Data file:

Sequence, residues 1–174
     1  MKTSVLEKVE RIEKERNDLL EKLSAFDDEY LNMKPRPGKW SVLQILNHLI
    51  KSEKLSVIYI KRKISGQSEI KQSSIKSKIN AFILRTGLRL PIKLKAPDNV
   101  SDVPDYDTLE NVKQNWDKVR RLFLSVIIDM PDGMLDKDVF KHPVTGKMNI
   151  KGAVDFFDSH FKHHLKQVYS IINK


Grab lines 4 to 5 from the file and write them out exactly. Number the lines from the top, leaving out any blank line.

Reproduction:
   101  SDVPDYDTLE NVKQNWDKVR RLFLSVIIDM PDGMLDKDVF KHPVTGKMNI
   151  KGAVDFFDSH FKHHLKQVYS IINK